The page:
What drew you to the environmental humanities?

I can’t remember a time when I wasn’t drawn to the outdoors and the wonders of the earth, and it was pretty early on, too, when I realized that the arts, music, literature and such were one of the main ways I came to understand and engage with being alive. When I got older and realized that these things were part of what’s called “the humanities,” I knew right away the humanities were for me. But it seemed like all the amazing things humans have done—and all the ways we make sense of our place on earth or in the cosmos—also needed to be balanced against the hideous acts of exclusion and exceptionalism that have ended up subordinating others, humans included, but especially the earth, its ecosystems, and all the other-than-human forms of life it fosters. How, then, to study the humanities without tacitly condoning an anthropocentric view of the human and reinforcing all those presumed entitlements? When I eventually learned there was something called the “Environmental Humanities,” it came as a total revelation. Here was a pluralistic, multi-disciplinary area of inquiry that saw as its calling (or as one of its callings), the project of addressing how all the wonderful and detrimental impacts of humans on earth are entangled. To me, work in the Environmental Humanities seems to acknowledge the vast and incredible inheritance of human kind, while also tuning its senses to the ways the human experience—our history, philosophy, art, literature, music, communication, and so forth—can help address the detrimental human impact on the planet. I’ve never felt more at home.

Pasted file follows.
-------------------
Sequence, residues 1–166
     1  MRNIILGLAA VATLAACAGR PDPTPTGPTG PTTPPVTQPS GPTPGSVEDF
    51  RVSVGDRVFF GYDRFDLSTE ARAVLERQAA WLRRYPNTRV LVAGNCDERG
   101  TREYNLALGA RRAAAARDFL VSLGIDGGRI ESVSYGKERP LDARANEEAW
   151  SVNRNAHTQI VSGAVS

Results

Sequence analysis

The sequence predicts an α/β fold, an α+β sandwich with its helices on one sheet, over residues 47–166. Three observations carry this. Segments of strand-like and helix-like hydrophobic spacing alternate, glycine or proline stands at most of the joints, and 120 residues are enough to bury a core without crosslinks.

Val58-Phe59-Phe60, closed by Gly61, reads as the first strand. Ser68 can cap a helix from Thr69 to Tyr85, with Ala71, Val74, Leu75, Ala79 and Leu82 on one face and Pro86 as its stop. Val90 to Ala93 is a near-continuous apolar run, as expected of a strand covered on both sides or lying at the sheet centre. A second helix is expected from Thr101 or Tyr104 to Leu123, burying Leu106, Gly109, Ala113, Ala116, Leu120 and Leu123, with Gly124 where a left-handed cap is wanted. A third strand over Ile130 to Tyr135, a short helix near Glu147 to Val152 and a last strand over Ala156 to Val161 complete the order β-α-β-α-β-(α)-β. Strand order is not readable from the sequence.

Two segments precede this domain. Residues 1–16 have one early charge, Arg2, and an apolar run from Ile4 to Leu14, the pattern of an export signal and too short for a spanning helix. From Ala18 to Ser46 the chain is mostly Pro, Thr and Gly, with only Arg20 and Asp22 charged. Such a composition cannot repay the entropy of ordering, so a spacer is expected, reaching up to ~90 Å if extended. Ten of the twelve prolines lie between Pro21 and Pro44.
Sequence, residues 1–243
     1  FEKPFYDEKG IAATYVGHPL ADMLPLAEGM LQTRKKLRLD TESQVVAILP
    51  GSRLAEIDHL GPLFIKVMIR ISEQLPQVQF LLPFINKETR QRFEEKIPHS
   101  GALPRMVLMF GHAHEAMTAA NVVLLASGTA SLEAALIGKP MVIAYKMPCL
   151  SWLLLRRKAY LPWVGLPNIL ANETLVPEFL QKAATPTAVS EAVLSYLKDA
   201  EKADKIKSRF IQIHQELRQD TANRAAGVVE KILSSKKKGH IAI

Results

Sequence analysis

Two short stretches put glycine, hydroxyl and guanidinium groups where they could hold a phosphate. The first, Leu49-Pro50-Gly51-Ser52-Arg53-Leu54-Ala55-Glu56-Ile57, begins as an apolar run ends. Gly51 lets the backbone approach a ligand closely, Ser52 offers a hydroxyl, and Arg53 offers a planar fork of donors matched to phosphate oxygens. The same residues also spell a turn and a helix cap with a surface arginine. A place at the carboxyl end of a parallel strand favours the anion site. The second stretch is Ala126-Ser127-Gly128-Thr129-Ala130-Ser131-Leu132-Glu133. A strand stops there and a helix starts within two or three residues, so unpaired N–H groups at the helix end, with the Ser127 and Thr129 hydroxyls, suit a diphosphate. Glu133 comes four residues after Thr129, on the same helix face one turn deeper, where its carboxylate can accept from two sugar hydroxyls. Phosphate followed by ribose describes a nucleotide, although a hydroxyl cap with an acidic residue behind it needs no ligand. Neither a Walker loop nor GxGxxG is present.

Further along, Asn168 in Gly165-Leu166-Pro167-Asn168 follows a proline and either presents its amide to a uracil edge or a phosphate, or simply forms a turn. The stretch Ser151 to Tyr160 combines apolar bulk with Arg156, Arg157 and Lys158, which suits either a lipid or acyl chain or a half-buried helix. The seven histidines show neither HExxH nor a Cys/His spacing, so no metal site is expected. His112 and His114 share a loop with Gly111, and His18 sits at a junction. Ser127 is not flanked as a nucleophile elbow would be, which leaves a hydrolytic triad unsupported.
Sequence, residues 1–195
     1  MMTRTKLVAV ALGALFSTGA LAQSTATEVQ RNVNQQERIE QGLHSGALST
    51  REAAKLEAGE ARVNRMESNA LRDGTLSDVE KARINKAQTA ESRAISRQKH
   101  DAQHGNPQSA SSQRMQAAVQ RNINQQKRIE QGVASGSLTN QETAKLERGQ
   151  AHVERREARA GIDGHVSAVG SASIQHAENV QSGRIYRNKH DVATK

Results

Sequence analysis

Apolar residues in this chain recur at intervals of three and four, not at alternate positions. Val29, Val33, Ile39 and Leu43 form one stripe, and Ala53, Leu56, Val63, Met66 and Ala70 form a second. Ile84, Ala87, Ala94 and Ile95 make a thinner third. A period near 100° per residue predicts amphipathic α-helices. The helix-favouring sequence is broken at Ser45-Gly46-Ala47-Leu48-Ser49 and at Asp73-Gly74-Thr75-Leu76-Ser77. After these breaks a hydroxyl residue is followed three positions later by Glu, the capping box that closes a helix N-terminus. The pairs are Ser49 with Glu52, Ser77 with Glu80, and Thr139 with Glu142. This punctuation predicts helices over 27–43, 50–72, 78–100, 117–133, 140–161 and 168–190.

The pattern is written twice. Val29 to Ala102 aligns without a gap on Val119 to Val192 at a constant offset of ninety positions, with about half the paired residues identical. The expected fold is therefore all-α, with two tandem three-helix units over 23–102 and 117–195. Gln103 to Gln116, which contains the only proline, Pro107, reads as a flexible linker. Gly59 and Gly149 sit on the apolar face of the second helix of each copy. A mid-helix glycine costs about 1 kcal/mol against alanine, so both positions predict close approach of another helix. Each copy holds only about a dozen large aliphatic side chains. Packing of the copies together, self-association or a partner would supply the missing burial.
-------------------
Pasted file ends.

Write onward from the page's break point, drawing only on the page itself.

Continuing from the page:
Chris kneels in a garden planting a seedling.

In your most recent book, Gestures of Concern, you show how gestures such as a “Get Well” card may have minimal instrumental effect, yet they still affect social relations in significant ways. In a recent journal article “New Normals, from talk to gesture” you extend this discussion to COVID-19. How have concerned gestures shaped our experience of COVID-19? What can we learn from gestures of concern that we may miss in more traditional discourse analysis?